The outlook of business owners in the region and state has worsened in three new surveys.
PNC Bank’s survey of small and mid-market business owners in New Jersey has found them a little more pessimistic about sales, profits and hiring than they were in the spring.
In April, the survey found 49 percent of businesses expected an increase in sales in the next six months and 13 percent a decrease.
In this month’s survey, 38 percent expect an increase and 20 percent foresee a sales decline.
The shift in profit expectations was smaller, a 5-percentage-point swing toward a more pessimistic outlook.
On employment, however, nearly twice as many expected to reduce staffing (10 percent) and the share of businesses where new jobs are expected in six months edged down from 18 percent to 16 percent.
Business owners have a much grimmer outlook about the national economy in the current survey, with 54 percent pessimistic (up from 48 percent in April) and just 3 percent optimistic, half of the spring percentage.
New Jersey businesses are a little less glum about the local economy, with 44 percent pessimistic and 7 percent optimistic.
The bank’s survey was conducted by Artemis Strategy Group and included 1,710 phone interviews.
The results are in line with the recent Business Outlook Survey for the Delaware Valley region by the Federal Reserve Bank of Philadelphia.
More of the regional businesses surveyed by the Fed reported decreases in employees (22 percent) than increases (15 percent) in September.
While 11 percent of businesses expected to reduce employment in the next six months, 32 percent said they expected to be hiring during that time.
When asked about their current levels of business activity, the businesses were about split, with 23 percent reporting decreases and 21 percent increases.
A more novel approach to business sentiment was taken by TD Bank in a survey of small businesses in its East Coast service territory.
The bank polled 400 business owners about their levels of stress and the causes of their stress and found that 60 percent said their stress levels are increasing.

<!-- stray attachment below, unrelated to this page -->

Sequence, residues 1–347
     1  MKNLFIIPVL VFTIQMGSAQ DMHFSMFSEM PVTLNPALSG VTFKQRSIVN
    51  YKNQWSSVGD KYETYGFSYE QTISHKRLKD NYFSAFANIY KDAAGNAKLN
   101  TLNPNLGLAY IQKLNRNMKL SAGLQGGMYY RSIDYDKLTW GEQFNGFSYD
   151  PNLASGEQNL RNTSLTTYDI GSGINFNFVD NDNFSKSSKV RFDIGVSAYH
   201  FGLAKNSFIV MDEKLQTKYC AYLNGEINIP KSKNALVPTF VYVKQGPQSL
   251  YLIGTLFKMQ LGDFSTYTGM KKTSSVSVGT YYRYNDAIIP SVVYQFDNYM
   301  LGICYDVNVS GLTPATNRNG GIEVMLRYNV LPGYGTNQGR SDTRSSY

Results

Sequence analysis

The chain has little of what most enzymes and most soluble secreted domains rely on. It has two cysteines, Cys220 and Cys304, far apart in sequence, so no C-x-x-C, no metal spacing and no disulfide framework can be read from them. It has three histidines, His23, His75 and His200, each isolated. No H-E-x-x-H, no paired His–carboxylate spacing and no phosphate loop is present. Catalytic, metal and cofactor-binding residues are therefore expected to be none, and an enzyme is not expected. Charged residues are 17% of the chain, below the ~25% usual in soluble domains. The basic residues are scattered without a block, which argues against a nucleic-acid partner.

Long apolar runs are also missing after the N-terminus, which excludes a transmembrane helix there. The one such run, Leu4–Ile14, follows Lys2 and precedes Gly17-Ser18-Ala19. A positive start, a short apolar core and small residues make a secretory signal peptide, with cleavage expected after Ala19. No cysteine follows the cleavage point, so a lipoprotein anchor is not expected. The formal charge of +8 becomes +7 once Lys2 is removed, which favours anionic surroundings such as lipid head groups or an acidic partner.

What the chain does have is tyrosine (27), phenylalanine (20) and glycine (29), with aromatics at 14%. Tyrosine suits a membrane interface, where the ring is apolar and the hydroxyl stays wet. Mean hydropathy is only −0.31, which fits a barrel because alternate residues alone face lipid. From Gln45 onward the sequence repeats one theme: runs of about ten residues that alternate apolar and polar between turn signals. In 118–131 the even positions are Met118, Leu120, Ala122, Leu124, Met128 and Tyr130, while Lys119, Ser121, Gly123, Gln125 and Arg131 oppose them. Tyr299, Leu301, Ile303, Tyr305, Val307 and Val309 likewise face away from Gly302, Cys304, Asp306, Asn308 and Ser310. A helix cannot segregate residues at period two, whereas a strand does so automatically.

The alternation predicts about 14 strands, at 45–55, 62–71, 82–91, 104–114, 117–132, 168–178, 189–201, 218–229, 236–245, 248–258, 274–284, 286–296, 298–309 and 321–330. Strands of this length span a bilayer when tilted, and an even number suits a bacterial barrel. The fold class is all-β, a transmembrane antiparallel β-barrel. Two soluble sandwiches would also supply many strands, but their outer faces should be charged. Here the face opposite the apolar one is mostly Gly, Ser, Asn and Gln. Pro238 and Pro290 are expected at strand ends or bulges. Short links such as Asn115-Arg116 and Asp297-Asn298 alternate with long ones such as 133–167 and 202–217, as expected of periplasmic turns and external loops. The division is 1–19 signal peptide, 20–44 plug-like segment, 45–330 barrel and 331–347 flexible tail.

Asked the cause of their stress, the business people answered: managing finances (33 percent), managing employees (20 percent), sales/marketing (19 percent), customer/client relations (17 percent) and working long hours (11 percent).
I guess the old joke that having your own business means you can work whichever 18 hours a day you choose is even less funny these days.
There are 8,700 tax preparers in New Jersey and as of Jan. 1, 2014, they’ll need to have passed the Registered Tax Return Preparer Test to keep working if they’re not certified public accountants or enrolled agents.
But even though that deadline is more than a year away, the Internal Revenue Service is warning them to schedule their tests soon or face difficulty finding a time and place convenient to them.
The competency test is being administered by Prometric Inc. at 260 testing sites nationwide. “However, if too many preparers delay, available seats will be scarce,” the IRS said in a statement.
New rules require all professional tax preparers to register with the IRS, obtain a preparer tax identification number, and adhere to ethical standards.
Some will also need to complete 15 hours of continuing education each year.
The preparer test takes 2½ hours and has 120 questions. The fee for taking the test is $116.
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